Planning for the future of Mid Wales towns gets underway

A four-week exercise to seek the views of businesses, residents, and visitors on the future of Powys town centres has begun.

Broad Street, Newtown showing the vans used at the market. .
Broad Street, Newtown showing the vans used at the market. .

The county council says the Covid-19 crisis has had a significant impact on the lives and health of many Powys citizens, but it has also had severe economic consequences. The lockdown had an immediate impact on the way town centres operate with many businesses adapting the way in which they have worked to ensure that their local communities were provided with the services and goods they needed throughout the pandemic.

“To encourage the public back into our town centres and to help businesses open safely and in compliance with ongoing restrictions and regulations, it was important to make some temporary changes to how some of our town centres had traditionally worked,” Councillor Heulwen Hulme, cabinet member for highways said.

“There will be no quick fix to recover from the Covid-19 crisis, social distancing and the need for personal protection measures will be with us for some time.”

The temporary measures for social distancing were put in place following discussions with representatives of each the town to facilitate businesses trading, by providing outdoor space for their customers, and for pedestrians to social distance as they walk along pavements.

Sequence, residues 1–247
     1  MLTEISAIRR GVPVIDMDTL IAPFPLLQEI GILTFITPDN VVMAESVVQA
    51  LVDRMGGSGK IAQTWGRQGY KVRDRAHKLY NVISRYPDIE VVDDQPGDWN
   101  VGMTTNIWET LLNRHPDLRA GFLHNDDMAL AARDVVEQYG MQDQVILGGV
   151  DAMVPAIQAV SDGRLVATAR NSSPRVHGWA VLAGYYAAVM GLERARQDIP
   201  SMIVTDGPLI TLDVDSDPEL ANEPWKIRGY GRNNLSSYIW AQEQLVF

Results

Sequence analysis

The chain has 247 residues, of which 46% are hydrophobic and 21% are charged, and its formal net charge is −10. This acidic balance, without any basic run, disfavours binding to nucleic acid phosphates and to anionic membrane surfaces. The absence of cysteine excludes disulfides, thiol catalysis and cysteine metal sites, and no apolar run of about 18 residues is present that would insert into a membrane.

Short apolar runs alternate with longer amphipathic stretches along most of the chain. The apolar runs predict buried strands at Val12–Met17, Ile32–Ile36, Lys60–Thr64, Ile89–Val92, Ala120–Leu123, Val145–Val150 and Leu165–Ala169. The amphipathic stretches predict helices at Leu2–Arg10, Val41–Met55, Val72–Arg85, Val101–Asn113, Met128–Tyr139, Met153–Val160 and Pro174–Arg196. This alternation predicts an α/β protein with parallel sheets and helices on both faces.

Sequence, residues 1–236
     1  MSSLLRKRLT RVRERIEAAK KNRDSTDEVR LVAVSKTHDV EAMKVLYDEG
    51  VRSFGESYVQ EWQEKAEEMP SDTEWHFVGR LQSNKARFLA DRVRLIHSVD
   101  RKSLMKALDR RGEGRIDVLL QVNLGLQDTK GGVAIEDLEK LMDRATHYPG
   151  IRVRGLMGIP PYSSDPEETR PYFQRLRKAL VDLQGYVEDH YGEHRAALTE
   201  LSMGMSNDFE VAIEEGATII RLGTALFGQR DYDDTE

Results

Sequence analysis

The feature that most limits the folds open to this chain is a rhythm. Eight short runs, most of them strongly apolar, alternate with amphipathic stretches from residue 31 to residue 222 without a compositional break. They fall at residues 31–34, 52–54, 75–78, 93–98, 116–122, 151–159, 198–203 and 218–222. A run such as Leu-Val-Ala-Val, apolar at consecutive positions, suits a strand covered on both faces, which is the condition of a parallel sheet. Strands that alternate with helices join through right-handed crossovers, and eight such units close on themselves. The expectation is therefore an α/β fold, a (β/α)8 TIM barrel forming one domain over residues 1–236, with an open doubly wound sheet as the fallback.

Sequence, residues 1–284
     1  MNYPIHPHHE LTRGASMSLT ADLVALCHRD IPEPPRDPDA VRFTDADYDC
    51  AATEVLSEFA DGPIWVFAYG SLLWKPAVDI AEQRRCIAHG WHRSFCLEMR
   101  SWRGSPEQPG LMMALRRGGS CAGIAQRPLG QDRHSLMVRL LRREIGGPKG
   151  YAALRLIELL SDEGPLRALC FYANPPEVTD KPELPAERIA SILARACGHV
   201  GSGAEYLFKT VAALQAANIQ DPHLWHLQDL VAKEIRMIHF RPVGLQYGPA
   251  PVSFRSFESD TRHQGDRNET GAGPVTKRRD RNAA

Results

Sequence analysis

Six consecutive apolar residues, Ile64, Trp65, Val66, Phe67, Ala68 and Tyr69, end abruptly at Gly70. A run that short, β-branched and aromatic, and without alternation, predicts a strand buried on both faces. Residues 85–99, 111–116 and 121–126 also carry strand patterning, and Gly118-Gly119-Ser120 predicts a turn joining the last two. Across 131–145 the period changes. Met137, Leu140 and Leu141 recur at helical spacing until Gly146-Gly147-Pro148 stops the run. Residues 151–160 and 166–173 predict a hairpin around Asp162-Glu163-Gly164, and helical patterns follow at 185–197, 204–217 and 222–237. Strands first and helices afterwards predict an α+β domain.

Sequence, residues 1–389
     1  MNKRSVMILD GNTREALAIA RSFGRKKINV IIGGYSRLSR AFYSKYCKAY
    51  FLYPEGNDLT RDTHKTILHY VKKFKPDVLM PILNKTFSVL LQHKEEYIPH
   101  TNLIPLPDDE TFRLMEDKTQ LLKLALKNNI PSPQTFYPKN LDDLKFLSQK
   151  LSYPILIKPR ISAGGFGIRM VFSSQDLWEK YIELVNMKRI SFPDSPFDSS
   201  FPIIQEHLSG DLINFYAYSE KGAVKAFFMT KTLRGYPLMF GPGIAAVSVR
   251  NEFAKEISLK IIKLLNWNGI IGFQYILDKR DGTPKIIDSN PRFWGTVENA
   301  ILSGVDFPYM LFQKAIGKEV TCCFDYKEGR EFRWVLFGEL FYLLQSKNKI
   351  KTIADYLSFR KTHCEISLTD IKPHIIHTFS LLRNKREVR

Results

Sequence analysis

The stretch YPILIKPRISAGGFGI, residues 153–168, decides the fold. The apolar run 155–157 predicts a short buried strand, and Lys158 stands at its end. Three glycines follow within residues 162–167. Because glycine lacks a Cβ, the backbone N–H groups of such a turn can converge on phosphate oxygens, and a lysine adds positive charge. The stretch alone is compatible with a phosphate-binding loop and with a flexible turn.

These temporary measures have highlighted that town centres can evolve and make use of the highway space differently.

The pandemic has given rise to an element of café culture being experienced within our towns and an enthusiasm for embracing our outside areas, which is something that might be considered appropriate to retain post pandemic restrictions.

“We are aware that high streets have changed over the recent years and the pandemic has accelerated that change by several years, especially with greater reliance on online shopping etc. We must therefore seek to address that change and aid the recovery of our town centres by making them destinations that people want to visit, with resilient and viable businesses and strong communities.

“As we begin to plan for a safe, resilient future, this is the opportunity to look at things differently and rebalance our public spaces. Whilst some businesses may consider it is essential to park within the high streets, this does not always provide the attractive spaces which will draw people to that town. We therefore need to consider the balance of the needs of the shops and businesses and the availability of parking and develop proposals that meet the needs of the changing high streets."

Most Read

Most Read

Sorry, we are not accepting comments on this article.

Top Stories

More from the Shropshire Star

UK & International News